Welcome to democracy, people. Sometimes the person you vote for loses. This is my twelfth time voting for President—so far, I’m 5 and 6, hoping to be 6 and 6 after this election is called. In other words, if you going to be a participating citizen in a democratic republic such as ours, you’d better get used to losing. Undoubtedly, it feels as if the stakes are much higher than usual in this election, as if all hell will break loose if your candidate doesn’t win. The strange thing, of course, is that in our current polarized world both sides feel this way. But guess what? We’re stuck with each other.
If my candidate wins, then the millions of people who voted for the other guy, people whose sanity and character I have been casting aspersions on in various ways for months on end, are still my fellow citizens—my neighbors, my colleagues at work, and my family members. Whether I like it or not. If my candidate loses (God forbid), then guess what, you millions of people who are celebrating that the worst that could happen happened to me and not to you? I’m still here. I’m not going anywhere. You’re stuck with me as your neighbor, your colleague, your family member. And we all have to deal with each other.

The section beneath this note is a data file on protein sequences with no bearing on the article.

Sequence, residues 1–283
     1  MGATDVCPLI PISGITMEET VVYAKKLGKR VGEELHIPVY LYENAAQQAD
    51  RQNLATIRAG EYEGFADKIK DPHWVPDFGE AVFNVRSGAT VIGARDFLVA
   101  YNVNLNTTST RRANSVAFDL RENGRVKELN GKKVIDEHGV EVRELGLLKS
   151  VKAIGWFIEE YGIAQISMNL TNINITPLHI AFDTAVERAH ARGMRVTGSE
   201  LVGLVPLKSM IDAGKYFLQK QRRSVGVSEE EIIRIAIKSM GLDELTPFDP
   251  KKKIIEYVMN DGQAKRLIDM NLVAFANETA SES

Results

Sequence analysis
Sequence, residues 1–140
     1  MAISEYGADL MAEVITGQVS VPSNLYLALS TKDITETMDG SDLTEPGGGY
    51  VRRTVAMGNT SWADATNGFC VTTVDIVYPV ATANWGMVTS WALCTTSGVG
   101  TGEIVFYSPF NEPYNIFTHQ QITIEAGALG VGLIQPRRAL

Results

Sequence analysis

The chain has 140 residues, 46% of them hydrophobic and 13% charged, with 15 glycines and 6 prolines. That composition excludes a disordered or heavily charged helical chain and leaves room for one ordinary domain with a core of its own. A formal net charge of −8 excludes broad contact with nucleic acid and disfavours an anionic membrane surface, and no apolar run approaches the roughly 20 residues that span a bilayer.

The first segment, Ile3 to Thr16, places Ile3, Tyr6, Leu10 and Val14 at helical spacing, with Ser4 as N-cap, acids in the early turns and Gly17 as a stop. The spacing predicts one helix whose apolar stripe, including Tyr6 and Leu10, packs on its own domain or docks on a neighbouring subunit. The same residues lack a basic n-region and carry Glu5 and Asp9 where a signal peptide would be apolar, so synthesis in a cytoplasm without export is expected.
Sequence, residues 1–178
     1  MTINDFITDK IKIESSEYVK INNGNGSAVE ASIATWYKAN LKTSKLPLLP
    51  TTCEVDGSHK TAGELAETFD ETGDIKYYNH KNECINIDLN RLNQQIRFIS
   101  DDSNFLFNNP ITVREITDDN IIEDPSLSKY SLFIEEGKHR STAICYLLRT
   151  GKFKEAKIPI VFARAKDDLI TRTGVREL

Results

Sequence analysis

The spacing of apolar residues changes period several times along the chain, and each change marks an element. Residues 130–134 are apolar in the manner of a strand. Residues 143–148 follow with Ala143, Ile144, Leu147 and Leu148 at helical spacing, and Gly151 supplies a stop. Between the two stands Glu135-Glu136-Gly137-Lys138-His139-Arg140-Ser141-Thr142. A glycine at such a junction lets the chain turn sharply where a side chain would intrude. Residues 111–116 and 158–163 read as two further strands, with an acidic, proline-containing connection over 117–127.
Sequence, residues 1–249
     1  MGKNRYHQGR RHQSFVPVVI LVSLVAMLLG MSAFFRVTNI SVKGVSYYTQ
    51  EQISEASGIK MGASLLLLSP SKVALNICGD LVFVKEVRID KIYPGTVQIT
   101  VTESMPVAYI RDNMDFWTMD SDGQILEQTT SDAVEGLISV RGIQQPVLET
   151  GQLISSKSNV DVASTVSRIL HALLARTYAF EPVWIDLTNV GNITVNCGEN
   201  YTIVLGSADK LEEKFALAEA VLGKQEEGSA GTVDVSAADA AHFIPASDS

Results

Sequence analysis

Five times in my life I have voted for a presidential candidate believing that if the other person won, we would be going to hell in a handbasket. Each of those five times my candidate lost, and I spent the next four years saying “it can’t possibly ever get any worse than this” (even though it always does).I cast my vote this time with the same energy, convinced that the future of our democracy depends on my candidate winning, more importantly on the other guy losing. But the real work for all of us presents itself daily, not just once every two or four years. We have all painted ourselves so effectively into our respective corners with our fears that the middle of the room, where the work almost always gets done, is largely unoccupied. “The worst that could happen” would be for that to continue, no matter who wins this election.
A historian on my campus, a professor emeritus and good friend who was one of my mentors when I first started teaching here more than a quarter-century ago, is a well-published and highly regarded presidential historian. I team-taught with him on a number of occasions over the years. I heard him tell our students on more than one occasion that the American Revolution, despite what the history books tell us, was not completed until the presidential election of 1800, when Thomas Jefferson defeated incumbent President John Adams. Adams and Jefferson were bitter political rivals, polar opposites both in policy commitments and temperament. Each man, as well as their respective party members and those who voted for them, believed that the new republic was in dire danger of failure if the other won.